New Producer from Saint-Joseph – Thomas Farge

Located on hillside slopes just across the Rhône River from Hermitage, Saint-Joseph and its iconic granite soils are home to a variety of microclimates, all of which give this unsung appellation great diversity. When carefully crafted, these serious, age-worthy wines can go toe-to-toe with any of the more famous Rhône appellations.

Saint-Joseph is also an appellation that is close to Martine’s Wines President Greg Castells’ heart. When he was in sommelier school, he became very familiar with the co-op Tain-l’Hermitage, which was under the direction of Guy Farge at the time. He appreciated their approach, so different from many other co-ops, of producing high-quality wines in an ethical way. Ever since taking leadership at Martine’s Wines in 2012, Greg has been on the hunt for a Saint-Joseph producer, so when he discovered that Guy’s son, Thomas was launching his own label, it was an easy decision to add this new producer to our portfolio.

The Farge name has a long history in Saint-Joseph, beginning in 1920 when Henri Farge bought 12 hectares of vines and started selling his wine to the local co-operative. He was followed by son André and grandson Guy, who was the first to begin bottling his own wines in 2007. Now Thomas has taken his place as the fourth generation of Farge winemakers. He has learned much from his father and grandfather while also forging a unique path forward. Focusing on single-vineyard offerings and a more polished style, Thomas represents the bright future of Saint-Joseph.

Surrounded by wine, even living in the middle of his vineyards, Thomas’ energy and excitement for this region is palpable. Given his deep ties to the area, he has had the opportunity to learn from some of the great winemakers in the Northern Rhône, such as Jean-Louis Chave and Stéphane Usseglio. He constantly seeks ways to bring new ideas to his century-plus family lineage, making his mark with wines that show freshness, intensity, and finesse.

When Thomas first came to the family estate in 2018, after ten years of study in South America, he began implementing organic farming and will be Ecocert certified as of 2024. He also works with aspects of biodynamics, such as following moon cycles for vineyard and cellar practices. Passionate about working ethically within the Rhône, he places a strong focus on training his team, promoting professional development, and providing fair compensation. Thomas currently has holdings in Saint-Joseph, Cornas, Saint-Péray, and Condrieu, as well as a Colline Rhondaniennes plot on the edge of Saint-Joseph.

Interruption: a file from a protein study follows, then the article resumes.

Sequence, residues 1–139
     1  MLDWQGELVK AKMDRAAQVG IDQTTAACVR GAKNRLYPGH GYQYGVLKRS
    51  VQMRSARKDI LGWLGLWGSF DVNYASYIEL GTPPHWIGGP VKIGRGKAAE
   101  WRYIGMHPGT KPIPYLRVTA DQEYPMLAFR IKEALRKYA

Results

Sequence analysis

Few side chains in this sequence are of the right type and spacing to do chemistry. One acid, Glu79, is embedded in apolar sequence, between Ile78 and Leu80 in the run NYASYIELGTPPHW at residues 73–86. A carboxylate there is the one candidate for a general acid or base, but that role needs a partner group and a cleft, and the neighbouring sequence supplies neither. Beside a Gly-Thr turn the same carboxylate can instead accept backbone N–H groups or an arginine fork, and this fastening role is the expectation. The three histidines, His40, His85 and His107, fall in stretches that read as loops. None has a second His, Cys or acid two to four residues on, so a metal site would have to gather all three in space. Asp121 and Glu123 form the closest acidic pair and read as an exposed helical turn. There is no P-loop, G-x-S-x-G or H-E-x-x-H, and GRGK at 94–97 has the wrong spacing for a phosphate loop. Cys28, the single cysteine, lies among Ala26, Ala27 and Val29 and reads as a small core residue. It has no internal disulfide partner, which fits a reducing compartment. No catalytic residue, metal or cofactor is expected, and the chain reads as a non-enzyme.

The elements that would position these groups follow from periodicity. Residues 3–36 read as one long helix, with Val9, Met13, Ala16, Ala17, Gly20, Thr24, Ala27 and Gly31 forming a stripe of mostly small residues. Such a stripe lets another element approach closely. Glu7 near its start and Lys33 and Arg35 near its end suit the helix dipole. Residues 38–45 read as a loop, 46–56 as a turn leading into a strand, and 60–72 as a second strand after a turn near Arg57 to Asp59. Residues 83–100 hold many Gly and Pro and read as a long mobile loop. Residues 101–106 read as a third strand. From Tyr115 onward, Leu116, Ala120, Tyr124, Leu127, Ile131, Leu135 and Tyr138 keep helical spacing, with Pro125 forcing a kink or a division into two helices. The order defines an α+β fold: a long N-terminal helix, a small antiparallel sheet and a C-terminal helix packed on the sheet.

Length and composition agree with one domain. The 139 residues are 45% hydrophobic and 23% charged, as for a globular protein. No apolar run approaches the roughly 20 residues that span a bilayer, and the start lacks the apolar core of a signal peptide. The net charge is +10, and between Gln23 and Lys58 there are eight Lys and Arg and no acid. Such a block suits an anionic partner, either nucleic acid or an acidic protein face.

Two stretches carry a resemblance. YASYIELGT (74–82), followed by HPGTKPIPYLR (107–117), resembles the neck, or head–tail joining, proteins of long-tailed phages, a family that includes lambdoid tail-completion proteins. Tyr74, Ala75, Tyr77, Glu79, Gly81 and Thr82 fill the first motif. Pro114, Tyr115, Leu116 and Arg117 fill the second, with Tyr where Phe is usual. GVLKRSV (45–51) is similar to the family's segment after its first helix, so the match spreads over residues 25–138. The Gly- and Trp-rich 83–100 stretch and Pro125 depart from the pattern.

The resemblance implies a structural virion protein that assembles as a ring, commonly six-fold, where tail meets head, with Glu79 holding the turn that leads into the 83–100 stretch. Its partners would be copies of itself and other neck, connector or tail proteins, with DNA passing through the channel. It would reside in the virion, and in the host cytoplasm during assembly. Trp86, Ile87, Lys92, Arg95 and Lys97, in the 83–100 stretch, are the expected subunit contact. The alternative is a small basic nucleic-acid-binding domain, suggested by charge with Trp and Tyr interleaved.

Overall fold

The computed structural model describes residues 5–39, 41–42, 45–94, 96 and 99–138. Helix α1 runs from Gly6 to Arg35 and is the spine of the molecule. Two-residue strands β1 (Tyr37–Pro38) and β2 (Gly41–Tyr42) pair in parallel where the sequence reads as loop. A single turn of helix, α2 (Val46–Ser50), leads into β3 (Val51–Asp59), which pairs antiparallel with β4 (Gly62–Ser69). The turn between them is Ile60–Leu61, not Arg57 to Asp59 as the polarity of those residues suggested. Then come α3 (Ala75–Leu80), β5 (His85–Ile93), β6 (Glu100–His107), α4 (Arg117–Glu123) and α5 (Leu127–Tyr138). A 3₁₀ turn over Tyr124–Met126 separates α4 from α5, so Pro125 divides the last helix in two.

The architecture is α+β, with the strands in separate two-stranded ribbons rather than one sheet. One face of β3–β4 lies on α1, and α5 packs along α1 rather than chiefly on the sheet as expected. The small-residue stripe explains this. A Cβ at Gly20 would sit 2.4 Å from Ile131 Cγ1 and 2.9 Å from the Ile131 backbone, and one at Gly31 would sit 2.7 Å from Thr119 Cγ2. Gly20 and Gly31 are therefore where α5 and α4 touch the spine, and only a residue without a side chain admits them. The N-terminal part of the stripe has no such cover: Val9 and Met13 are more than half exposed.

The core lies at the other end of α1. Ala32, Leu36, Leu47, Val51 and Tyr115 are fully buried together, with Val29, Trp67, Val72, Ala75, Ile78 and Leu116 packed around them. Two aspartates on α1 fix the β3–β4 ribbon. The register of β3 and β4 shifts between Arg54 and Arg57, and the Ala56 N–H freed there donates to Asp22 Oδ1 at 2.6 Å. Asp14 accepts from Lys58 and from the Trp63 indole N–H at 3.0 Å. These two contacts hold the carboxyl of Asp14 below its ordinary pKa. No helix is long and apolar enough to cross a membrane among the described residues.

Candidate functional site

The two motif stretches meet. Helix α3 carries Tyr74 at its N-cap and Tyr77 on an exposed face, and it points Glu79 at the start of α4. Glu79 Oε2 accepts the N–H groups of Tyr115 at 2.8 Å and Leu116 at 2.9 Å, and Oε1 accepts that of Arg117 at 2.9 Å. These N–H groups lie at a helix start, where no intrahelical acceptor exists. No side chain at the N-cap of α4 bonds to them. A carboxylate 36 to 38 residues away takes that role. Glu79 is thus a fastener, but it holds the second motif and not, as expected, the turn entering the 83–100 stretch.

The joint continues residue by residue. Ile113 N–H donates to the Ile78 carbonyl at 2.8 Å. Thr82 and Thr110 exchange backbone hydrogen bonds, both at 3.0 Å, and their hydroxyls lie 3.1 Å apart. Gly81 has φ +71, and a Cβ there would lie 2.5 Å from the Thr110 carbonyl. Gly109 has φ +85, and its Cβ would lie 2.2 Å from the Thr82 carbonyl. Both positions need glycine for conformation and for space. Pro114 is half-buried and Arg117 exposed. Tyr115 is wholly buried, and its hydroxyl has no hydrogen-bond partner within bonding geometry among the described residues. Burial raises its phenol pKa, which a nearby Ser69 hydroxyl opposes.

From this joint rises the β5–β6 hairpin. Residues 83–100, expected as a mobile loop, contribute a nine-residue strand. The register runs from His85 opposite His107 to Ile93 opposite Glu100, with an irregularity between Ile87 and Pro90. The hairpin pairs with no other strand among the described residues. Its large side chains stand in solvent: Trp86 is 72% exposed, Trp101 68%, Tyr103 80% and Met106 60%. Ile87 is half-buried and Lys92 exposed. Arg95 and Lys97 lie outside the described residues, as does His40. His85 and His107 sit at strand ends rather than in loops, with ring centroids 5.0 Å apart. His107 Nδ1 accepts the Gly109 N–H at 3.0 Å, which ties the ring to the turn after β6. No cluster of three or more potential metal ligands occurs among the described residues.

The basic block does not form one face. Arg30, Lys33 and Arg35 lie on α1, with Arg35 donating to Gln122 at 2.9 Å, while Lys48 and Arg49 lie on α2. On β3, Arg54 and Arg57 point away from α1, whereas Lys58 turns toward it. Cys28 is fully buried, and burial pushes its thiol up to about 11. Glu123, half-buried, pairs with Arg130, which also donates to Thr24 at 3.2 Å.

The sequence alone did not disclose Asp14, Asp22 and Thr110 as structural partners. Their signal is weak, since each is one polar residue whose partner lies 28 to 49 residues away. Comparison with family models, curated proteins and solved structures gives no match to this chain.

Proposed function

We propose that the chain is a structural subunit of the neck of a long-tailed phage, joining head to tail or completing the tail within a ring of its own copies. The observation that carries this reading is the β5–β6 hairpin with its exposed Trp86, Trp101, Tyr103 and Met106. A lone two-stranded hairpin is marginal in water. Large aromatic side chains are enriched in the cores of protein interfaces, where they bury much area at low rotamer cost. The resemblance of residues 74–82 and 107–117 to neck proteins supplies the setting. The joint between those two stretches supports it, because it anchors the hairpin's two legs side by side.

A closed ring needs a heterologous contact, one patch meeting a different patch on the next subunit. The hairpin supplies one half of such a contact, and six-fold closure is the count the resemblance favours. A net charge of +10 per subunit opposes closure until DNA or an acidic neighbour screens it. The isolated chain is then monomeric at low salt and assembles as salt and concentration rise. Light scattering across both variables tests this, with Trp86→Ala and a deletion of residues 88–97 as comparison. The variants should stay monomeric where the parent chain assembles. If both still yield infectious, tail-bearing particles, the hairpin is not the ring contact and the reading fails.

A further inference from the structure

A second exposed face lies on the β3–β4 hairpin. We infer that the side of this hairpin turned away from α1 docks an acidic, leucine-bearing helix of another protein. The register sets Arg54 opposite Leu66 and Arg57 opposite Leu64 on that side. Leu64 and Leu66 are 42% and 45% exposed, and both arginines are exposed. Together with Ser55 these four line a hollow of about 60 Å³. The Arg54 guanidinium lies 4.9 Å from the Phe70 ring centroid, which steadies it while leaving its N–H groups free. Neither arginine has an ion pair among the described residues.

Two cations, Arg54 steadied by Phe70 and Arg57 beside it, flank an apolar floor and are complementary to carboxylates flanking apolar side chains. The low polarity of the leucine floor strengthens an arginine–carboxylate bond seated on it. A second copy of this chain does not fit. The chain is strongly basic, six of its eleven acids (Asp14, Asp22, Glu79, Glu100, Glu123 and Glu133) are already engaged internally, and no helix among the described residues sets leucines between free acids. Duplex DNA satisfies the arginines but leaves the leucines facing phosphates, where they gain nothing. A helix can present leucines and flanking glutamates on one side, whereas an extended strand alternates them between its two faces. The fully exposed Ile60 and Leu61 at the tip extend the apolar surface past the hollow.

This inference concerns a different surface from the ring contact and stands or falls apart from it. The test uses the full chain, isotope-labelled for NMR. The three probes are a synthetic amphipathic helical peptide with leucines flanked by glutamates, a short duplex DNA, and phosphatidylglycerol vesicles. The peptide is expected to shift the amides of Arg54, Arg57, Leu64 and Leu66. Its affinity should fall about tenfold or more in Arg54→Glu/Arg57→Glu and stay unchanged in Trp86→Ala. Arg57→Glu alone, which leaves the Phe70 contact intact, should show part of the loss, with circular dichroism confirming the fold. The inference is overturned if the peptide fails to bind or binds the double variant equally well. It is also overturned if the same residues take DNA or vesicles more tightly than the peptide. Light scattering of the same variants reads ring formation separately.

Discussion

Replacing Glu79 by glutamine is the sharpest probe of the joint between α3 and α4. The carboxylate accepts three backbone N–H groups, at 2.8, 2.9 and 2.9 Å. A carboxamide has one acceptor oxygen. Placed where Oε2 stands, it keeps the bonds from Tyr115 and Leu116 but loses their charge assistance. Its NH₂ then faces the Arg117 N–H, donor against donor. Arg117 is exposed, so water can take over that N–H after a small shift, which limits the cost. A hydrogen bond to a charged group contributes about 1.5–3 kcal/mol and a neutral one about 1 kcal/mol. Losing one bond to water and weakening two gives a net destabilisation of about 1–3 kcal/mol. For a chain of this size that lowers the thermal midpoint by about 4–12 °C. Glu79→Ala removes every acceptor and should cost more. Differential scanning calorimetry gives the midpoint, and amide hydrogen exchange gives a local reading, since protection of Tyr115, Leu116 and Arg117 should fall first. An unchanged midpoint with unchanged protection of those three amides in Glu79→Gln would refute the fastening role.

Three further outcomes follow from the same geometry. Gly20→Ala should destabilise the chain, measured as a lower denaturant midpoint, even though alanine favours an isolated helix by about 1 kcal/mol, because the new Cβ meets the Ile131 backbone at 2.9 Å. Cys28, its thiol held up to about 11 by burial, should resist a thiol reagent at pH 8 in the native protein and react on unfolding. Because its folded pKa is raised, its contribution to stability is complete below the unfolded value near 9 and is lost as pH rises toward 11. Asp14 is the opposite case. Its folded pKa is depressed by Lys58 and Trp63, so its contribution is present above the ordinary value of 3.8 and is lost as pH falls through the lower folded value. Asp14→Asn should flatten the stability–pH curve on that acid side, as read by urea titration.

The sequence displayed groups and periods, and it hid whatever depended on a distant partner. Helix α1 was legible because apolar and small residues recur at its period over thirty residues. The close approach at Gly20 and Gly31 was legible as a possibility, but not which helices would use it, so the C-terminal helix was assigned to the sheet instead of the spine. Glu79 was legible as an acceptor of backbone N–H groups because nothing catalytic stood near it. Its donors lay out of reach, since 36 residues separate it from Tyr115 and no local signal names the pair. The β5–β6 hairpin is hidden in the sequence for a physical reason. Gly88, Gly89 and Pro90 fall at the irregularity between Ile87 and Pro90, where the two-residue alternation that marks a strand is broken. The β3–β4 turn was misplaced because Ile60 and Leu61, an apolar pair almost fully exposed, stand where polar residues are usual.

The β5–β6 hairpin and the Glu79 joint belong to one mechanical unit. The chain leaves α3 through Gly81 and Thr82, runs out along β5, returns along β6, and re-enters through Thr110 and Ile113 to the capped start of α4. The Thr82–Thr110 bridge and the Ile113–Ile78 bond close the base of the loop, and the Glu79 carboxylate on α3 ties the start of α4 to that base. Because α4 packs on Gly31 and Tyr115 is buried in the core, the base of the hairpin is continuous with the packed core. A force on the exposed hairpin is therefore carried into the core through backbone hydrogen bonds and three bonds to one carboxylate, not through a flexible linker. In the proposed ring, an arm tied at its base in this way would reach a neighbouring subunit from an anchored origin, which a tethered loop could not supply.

His Saint-Joseph home base is in Saint-Jean-de-Muzols, one of the southern-sector cluster of villages that made up the initial appellation established in 1956. The granite here is less degraded, and east, southeast, and south-facing sites can produce relatively generous wines with a welcome softness. In Cornas, Thomas has leased a plot in the famed Reynards vineyard. The soil here is granite as well, decomposed and with some gneiss and clay topsoil, which helps preserve hydration in hot or dry years while also moderating the acidity given by the granite. Wines produced here are elegant and dark-fruited, with tannins that take some time to unwind. He also owns a plot in Sauman, just to the south. This steep, granitic vineyard is higher in elevation and has a mix of exposures, with grapes generally taking about a week longer to ripen here than in Reynards. Saint-Péray is just to the south of Cornas and is a rare Rhône appellation devoted solely to the production of white wines. It is home to some of the region’s best and oldest Roussanne, planted on limestone, granite, and clay soils.

In the cellar, Thomas uses a variety of aging vessels – 400L, 600L, and limited 228L oak from the Atelier Center France cooper, as well as concrete vats, particularly useful in warmer years, and stainless steel. For the whites, he racks the wines into their aging vessels after about 1/3 of the fermentation is finished, which has the effect of bringing out the lees flavor. Sulfur is used to block malolactic fermentation, as well as a small amount at bottling. Depending on the vintage, the reds see some whole cluster fermentation and a cold soak with long fermentation.

Producers like Thomas come along only rarely. Generations of tradition, alongside his zeal for freshness and innovation, results in a rare and exhilarating combination. If you want to discover the new Northern Rhône, the wines of Thomas Farge are the perfect introduction.